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Lord Goodhart: The reference that the noble Lord, Lord Stoddart, made to my noble friend Lady Ludford shows that there are aspects of the agreement with which my party is concerned. So far as the debate we have just been having is concerned, I do not think that now is the appropriate occasion to have what could be described as a free-standing debate on the agreement recently signed between the EU and the USA. However, it would be helpful and important if the Minister could tell us what implications that agreement may have for the contents of this Bill. In addition, I should be interested to know how far the provisions of this Bill have been drafted in order to align the UK extradition law with the EU agreement, which was at that stage not signed but must have been at a fairly advanced stage of negotiation.

Lord Filkin: First, I thank the noble Baroness, Lady Anelay, for her very generous congratulations to me on my new role. I suggest that she does not quite too prematurely rejoice at my imminent departure because the tentacles of the Home Office are long and strong at times—so I may be having further days on this Bill and it will be a pleasure to work with Members of the Committee.

I agree with the noble Lord, Lord Stoddart. Some of these issues are complex and it is right and fair that he should raise his question. I shall go as far as I can today in trying to explain—in part from memory—these issues from my role in negotiating in a dark and secret place, to paraphrase what he said about this issue. I shall go further than that because this issue justifies a fairly full response in writing from the Government to the Committee and any others who are interested. To what extent is there an intersect between this measure and this Bill? We believe that there is virtually none. Nevertheless, Members of the Committee are entitled to have that set out clearly.

The noble Lord, Lord Stoddart, is right. There has been an agreement between the EU and the US on extradition, which has been negotiated. The United Kingdom, exercising its Crown prerogative, has indicated its agreement for the EU to sign the agreement as an EU-US treaty. The measure has cleared scrutiny in both Houses of Parliament before the EU indicated its willingness to sign up to it. We believe that the agreement will have virtually no impact on our existing extradition law or on the new treaty because the provisions are essentially between the EU and the US. Our own agreements with the US go beyond and further than this. To put it at its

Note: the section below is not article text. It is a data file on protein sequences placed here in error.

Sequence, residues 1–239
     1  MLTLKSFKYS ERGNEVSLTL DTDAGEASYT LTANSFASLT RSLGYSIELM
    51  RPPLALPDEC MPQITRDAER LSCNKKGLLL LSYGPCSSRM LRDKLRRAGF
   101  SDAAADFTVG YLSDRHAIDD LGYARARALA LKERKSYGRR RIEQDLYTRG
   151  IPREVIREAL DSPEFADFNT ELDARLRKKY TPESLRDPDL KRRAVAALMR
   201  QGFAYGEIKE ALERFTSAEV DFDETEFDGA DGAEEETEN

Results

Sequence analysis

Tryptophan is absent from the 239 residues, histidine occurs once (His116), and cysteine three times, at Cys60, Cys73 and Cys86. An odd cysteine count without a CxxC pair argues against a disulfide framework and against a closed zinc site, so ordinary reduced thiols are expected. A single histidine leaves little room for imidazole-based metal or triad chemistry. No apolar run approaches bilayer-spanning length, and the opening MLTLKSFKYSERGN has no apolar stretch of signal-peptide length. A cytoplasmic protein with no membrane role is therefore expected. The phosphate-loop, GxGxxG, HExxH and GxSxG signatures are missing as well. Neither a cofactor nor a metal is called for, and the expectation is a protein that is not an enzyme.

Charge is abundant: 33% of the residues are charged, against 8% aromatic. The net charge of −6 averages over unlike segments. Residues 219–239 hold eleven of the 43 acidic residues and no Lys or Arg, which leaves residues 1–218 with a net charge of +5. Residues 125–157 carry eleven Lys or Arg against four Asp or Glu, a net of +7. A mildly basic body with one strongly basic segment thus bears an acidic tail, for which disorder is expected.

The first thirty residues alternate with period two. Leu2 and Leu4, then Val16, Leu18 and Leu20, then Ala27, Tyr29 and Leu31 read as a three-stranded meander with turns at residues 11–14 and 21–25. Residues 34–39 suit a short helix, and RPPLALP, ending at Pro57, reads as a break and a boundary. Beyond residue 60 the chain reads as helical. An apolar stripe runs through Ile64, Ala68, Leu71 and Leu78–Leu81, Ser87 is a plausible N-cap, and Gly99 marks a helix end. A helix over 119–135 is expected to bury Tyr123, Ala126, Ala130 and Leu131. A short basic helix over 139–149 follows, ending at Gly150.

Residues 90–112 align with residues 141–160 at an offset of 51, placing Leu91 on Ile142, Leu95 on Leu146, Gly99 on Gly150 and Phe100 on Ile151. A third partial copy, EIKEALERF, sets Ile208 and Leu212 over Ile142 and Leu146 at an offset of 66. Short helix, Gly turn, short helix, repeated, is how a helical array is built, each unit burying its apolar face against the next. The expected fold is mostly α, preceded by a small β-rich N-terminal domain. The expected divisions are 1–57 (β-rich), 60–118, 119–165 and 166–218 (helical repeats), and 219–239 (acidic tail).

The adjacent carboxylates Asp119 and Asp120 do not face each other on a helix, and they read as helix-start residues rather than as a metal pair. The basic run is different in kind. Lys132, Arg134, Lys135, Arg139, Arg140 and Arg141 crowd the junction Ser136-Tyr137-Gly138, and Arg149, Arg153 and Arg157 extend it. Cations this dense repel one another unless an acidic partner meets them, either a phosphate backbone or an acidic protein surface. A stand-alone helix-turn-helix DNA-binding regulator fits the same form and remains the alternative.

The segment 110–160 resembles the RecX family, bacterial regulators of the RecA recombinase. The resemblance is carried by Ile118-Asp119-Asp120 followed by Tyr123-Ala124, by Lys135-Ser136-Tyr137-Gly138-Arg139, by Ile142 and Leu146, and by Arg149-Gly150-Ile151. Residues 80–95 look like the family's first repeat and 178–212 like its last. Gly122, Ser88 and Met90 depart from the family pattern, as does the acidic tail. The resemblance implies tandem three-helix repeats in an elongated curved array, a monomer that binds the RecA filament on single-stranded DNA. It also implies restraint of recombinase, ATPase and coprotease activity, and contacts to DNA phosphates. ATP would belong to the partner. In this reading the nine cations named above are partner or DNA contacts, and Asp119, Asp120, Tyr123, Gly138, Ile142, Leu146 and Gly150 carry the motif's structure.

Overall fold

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simplest: no parliamentary action will be required to bring United Kingdom law into compliance with the EU-US treaty because our existing law and agreements with the US already comply in full.

The noble Lord, Lord Stoddart, also asked a perfectly legitimate question about why there was the urge to reach such an agreement. One should never rush an agreement unless its merits themselves justify it, but it sits against the background of September 11th and the recognition that the EU, as well as the US, wants to have in place effective measures against terrorism. This was part of the intent of responding to the more serious circumstances of which we are aware in the light of September 11th.

The reason why the EU signed first and why the early signature was important is because the US Senate could not consider it until it had been signed. All our relationships with other category 2 countries will remain unchanged by this agreement. Not only that, but our relationship with the US—to re-emphasise the point—will be governed by our own domestic legislation and our own new bilateral treaty with the US. The agreement makes it clear that it does not apply where there are bilateral provisions which go further.